Friday, October 24, 2008
The British economy shrank by far more than expected in the third quarter of the year which, barring a miraculous bounce in the current three months, means it is in recession for the first time since the early 1990s. Official data showed gross domestic product contracted by a much-bigger-than-expected 0.5% in the July to September period, the first fall since early 1992 and the biggest drop since the fourth quarter of 1990. Liberal Democrat leader Nick Clegg warned that the UK was "on the edge of a new winter of discontent". "This confirmation that we are heading for a recession puts a name to the fear that many people have been feeling for months," he said. "These growth figures show that the credit crunch is hitting the real economy and harder and faster than was first feared."
Chancellor Alistair Darling, speaking on Sky television, said he was confident the British economy would get through a "difficult period" and reaffirmed the government's commitment to help individuals and businesses. "If we do that I'm confident that we along with other countries will get through this difficult period," he said. But the sharper-than-expected contraction in the economy alarmed the City and sent shares crashing. At one stage, almost £90bn was slashed from the value of the FTSE 100 companies, as the index crashed almost 400 points.
"It's a big shock that the decline [in GDP] is so large. It is truly dire," said Philip Shaw, chief economist at Investec.
The contraction was broad-based with manufacturing and private sector services showing declines while only agriculture and government services showed an increase in output.
The pound slumped on the foreign exchanges on the news, dropping to below $1.55 and to nearly 81p to the euro. Indications were that Wall Street will open sharply lower, perhaps more than 500 points, when trading begins this afternoon. "My comment to traders was 'dive, dive, dive'," said Brian Hilliard, economist at Société Générale in London. "It's a very emphatic entry into recession which underlines the need for very dramatic interest rate cuts which we think the Bank of England will deliver."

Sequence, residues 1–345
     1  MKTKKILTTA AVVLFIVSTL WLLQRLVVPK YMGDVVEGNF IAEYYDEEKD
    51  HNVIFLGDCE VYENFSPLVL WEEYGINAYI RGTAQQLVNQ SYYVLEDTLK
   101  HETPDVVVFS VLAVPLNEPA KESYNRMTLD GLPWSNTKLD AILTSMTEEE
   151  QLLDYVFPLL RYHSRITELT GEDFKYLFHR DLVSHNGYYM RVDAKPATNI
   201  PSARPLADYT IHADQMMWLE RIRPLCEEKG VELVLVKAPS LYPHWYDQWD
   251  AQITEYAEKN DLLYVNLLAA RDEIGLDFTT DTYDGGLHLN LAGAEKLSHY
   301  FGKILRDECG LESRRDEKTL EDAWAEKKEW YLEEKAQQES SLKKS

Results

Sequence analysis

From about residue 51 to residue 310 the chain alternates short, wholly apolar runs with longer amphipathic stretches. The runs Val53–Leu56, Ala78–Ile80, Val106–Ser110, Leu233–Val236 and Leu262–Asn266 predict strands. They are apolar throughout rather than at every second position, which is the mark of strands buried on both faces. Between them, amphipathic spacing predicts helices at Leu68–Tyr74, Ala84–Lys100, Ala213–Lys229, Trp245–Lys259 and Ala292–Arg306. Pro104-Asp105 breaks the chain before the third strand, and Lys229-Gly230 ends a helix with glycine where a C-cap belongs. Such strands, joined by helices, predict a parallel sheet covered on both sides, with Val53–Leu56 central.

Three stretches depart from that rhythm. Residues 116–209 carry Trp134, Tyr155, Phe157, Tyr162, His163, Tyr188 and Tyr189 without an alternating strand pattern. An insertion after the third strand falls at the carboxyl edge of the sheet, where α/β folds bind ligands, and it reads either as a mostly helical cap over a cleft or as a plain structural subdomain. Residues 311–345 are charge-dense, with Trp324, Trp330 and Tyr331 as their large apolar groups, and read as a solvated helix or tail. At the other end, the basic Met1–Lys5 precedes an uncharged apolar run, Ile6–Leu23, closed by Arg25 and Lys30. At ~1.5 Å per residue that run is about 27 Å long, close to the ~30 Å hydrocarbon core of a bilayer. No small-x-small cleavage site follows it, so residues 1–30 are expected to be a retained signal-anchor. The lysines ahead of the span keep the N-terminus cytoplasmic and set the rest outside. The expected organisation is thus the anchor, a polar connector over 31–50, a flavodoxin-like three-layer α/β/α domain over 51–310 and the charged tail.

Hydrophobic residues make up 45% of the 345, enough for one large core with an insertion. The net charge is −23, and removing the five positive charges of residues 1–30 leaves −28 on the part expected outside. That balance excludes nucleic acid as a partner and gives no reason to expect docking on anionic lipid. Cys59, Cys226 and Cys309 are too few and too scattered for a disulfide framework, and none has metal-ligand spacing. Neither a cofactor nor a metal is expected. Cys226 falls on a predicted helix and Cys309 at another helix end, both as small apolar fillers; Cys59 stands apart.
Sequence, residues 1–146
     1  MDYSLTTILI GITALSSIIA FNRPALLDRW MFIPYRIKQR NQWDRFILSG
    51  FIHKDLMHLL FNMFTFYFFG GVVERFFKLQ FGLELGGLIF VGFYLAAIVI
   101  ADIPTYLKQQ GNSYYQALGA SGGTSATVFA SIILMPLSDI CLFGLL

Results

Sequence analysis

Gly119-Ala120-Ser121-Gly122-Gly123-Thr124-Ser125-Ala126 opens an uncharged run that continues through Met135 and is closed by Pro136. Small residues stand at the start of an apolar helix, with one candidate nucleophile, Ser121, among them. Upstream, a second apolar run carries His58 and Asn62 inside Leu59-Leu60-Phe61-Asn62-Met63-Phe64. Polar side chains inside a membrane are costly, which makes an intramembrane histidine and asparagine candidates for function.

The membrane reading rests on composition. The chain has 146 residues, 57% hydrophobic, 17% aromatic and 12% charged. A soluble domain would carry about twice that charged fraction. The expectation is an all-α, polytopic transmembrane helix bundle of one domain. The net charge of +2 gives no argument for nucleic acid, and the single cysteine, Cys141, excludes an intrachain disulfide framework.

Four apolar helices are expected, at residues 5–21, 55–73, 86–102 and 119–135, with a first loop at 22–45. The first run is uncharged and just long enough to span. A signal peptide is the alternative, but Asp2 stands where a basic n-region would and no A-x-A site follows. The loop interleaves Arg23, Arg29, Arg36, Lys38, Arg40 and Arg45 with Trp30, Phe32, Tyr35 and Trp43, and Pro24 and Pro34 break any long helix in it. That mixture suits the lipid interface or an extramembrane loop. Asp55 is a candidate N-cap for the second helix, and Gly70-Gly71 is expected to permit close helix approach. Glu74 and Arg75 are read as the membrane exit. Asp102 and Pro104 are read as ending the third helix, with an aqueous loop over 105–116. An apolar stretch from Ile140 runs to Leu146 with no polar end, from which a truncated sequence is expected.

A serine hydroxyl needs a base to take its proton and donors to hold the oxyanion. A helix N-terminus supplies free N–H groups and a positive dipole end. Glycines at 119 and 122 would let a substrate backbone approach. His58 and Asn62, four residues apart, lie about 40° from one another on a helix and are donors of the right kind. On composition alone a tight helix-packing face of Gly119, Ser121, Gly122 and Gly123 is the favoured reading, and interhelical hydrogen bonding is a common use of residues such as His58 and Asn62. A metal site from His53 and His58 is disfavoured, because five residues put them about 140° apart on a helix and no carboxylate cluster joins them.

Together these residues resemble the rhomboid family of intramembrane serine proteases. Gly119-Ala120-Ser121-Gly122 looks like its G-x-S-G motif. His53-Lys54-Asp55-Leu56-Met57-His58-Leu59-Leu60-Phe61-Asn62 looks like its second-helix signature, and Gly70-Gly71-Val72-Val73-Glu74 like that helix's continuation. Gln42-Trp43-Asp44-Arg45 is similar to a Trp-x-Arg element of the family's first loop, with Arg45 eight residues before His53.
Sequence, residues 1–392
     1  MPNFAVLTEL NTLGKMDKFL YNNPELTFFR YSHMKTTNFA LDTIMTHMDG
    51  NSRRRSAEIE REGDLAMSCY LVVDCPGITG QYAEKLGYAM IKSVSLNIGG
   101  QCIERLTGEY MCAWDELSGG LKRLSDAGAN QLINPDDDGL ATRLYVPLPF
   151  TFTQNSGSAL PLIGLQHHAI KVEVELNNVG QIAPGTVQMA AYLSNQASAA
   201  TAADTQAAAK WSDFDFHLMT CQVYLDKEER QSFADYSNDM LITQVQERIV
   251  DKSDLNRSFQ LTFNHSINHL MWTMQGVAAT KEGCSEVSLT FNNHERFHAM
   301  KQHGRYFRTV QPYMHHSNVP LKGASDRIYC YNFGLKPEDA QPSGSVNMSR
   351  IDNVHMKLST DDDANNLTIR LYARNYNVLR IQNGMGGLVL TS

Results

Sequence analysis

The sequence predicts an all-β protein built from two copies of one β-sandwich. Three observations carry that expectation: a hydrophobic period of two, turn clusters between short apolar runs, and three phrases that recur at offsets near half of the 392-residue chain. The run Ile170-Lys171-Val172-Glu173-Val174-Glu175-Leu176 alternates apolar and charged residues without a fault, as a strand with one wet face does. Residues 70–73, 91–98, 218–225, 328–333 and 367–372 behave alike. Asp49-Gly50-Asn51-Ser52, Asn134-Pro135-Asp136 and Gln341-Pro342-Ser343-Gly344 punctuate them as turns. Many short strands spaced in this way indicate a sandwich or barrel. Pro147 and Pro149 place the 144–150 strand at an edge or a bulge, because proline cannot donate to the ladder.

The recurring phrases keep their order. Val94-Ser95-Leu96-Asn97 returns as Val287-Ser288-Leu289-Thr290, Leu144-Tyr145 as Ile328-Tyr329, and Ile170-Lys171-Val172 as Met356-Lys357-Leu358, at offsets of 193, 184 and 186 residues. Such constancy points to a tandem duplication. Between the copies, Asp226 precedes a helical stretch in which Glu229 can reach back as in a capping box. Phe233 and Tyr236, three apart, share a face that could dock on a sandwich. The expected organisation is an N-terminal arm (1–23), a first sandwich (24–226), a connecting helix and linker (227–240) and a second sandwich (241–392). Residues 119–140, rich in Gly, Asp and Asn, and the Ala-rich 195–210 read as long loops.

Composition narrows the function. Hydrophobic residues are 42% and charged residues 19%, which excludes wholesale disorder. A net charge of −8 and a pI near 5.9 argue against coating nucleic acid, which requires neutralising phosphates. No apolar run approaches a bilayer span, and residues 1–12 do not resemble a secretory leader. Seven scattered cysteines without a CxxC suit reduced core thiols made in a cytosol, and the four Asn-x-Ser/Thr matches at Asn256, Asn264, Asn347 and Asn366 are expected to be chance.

James Knightley at ING Financial Markets said: "GDP has plunged far more than expected. So much for Gordon Brown's 'no more boom and bust'." He said he thought there could be at least four quarters of contraction, which would make this recession similar to those of the early 1990s and 1980s. Neville Hill at Credit Suisse agreed: "This is clear evidence that the economy is in recession. Recessions tend to last more than the technical two quarters, so there's likely to be more of this to come."He said it was now possible that the Bank of England's monetary policy committee would cut rates by more than the half a percent expected in the City. That would take the MPC into uncharted territory - it has never moved rates more than half a percent in one direction or the other. It cut rates by half a percent last month in concert with other central banks around the world.